"Of all passions the passion for the Inner Ring is most skilful in making a man who is not yet a very bad man do very bad things."--C.S. LEWIS
Every totalitarian movement needs a special cadre for secret, illegal, and often violent activities. Heinrich Himmler and his SS played this role for the Nazis during their rise to power in the early 1930s. Depending on circumstances, such a cadre may organize assassinations, rob banks, infiltrate the police, or carry out a variety of tasks aimed at protecting the movement and weakening the enemy's will.
When the NCLC shifted into a fascist mode in the mid-1970s, there was no class warfare raging in American streets. Hence what LaRouche needed as his special cadre were not storm trooper types but clever operatives skilled in primarily nonviolent covert activities, especially of the dirty tricks variety. To meet this need he set up a unit of "counterintelligence agents"--the NCLC security staff (referred to as "Security" by insiders).
In a 1974 memorandum LaRouche explained the "psychological profile" of a good Security operative and how such a person can be controlled. This was ostensibly a discussion of CIA agents, but the description bore an uncanny resemblance to the elite security unit that LaRouche had already begun to create within the NCLC. Agent types, he wrote, are recruited out of university humanities and social studies programs "traditionally free of the obligation to demonstrate anything concerning reality in the outer world." (LaRouche recruited his original cadre among such students, chiefly at Columbia University.) For such individuals the CIA becomes an extension of academia where they can achieve "a sense of power without leaving the home and playground for the actual adult world." The typical agent thus lacks any "inner identity" except his dependence on the CIA. He is highly "suggestible" and plagued by "superstitious fears." Easily manipulated by arbitrary phrases and formulas, he has many features in common with a "synthetic zombie."
Of course this description bore little, if any, resemblance to real CIA agents, but it did fit the NCLC as a cult and the type of tricksters LaRouche needed for his security work-individuals who could totally immerse themselves in petty forms of intrigue in obedience to his will. Indeed, those he placed in charge of Security reflected the profile perfectly.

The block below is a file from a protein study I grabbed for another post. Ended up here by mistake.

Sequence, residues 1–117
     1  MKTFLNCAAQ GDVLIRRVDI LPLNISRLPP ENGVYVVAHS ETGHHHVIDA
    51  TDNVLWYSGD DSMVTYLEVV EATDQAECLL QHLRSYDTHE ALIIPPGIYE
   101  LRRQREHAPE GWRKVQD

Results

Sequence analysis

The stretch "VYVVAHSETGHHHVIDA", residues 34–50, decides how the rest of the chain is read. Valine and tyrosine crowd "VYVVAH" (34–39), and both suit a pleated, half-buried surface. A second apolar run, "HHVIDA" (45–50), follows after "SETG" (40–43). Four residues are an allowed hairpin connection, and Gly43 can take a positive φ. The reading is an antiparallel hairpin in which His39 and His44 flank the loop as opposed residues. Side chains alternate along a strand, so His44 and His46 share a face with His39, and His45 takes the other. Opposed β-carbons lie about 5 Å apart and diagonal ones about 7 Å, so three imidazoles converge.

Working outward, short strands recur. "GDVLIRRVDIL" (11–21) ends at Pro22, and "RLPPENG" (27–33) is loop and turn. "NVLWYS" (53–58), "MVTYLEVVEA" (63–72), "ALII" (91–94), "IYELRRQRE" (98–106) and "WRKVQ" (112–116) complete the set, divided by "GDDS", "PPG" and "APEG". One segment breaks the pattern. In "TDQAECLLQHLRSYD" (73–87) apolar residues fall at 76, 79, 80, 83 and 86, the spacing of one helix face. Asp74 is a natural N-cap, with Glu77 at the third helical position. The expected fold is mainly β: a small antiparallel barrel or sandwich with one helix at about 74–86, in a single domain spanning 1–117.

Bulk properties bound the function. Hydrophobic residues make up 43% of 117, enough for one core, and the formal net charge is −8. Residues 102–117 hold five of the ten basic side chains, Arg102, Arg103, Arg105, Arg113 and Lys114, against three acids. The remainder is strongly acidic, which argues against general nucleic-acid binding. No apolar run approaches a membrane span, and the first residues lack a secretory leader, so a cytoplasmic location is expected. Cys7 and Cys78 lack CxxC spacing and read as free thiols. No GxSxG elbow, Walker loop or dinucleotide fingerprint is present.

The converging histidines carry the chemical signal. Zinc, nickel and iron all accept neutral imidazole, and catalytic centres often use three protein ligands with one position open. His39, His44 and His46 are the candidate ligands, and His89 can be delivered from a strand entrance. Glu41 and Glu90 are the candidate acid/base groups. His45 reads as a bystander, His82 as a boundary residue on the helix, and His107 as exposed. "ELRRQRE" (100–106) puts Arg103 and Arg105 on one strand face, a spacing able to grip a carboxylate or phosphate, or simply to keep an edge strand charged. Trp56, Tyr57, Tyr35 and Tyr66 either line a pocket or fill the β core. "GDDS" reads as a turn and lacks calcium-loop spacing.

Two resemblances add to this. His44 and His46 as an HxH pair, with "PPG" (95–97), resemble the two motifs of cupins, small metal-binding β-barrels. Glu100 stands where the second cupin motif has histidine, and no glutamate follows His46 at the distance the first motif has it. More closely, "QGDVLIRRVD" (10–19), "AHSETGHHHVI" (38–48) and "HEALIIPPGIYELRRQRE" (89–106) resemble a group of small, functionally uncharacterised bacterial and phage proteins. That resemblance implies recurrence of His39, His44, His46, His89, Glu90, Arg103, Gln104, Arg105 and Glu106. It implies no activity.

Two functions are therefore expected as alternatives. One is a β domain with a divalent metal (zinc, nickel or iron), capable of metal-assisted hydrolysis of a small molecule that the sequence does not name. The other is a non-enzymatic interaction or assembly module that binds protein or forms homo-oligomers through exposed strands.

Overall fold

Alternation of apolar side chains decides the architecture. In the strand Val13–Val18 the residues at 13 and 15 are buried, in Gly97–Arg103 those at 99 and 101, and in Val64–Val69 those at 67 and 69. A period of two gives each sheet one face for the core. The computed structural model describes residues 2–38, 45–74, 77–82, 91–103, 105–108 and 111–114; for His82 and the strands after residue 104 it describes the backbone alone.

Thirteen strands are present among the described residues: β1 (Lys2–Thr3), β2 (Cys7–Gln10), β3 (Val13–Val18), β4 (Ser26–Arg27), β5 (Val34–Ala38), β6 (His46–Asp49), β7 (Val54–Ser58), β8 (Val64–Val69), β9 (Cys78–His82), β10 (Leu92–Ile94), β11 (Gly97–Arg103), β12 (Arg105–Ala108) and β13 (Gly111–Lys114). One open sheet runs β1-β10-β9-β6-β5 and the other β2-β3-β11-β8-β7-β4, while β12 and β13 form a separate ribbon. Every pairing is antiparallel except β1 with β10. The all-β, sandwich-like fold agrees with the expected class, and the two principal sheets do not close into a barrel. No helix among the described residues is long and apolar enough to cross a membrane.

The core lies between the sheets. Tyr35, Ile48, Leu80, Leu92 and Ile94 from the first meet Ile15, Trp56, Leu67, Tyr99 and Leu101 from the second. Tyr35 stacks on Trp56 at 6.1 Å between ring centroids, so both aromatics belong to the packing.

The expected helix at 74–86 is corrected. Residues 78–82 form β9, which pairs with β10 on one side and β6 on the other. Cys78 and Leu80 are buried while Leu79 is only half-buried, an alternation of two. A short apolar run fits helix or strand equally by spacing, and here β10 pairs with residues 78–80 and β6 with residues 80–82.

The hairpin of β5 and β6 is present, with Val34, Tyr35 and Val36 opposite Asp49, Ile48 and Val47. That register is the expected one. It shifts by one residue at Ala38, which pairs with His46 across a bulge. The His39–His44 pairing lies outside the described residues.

Security began in 1973-73 as a small karate-trained team to protect NCLC members from alleged Communist Party bullying. It organized Operation Mop Up and began stockpiling weapons, but soon turned away from any truly risky confrontations with the outside world. It was far safer to harass LaRouche's enemies from a safe range via smear leaflets, anonymous telephone calls, and legal frame-ups.
In the wake of the Chris White affair, Security took on the functions of an internal secret police. It watched members for signs of disaffection and harassed any dropout who publicly attacked the organization or tried to get others to leave. The members of Security developed a vested interest in discovering plots everywhere: The more assassins and other enemies they could report to LaRouche, the more power and prestige they gained. Former member Dan Jacobs writes that they effected a kind of "coup" within the organization, with LaRouche's blessings. Jacobs described this as the NCLC's "Thermidor Reaction."
NCLC organizational director Warren Hamerman defined Security's mission in 1976 as being "to detect and investigate enemy deployments against the organization, and to plan and execute offensive counterthrusts." The counterthrusts, generally called "counterpunch deployments," included attacks on public figures whom LaRouche accused of being part of the conspiracy against him, as well as genuine opponents such as journalists or rival extremist organizations.
For years Security operated behind a reinforced steel door and bulletproof glass in the NCLC's Columbus Circle headquarters. The two Security chiefs, Jeffrey Steinberg and Paul Goldstein, maintained daily contact with regional Security officers in Detroit, Los Angeles, and other cities.
Members of Security were responsible for the NCLC's earliest propaganda attacks on Israel and the "Zionist lobby." Major General John K. Singlaub, after several visits from them in 1977, told The New York Times they were "the worst group of anti-Semitic Jews I've encountered." Former members say that Jewish Security staffers went out of their way to display the most fanatical loyalty-and engage in the nastiest harassment of outsiders-because they never knew for sure if they were really trusted by LaRouche and his top non-Jewish aides. Former Security staffer Charles Tate, a prosecution witness in the Boston trial, testified he never dared question NCLC policy in the presence of Steinberg and Goldstein. "They don't understand doubt. It's not a category that exists for them....So you just don't--unless you want to get in a lot of trouble, you don't say 'I don't believe that'...to those people."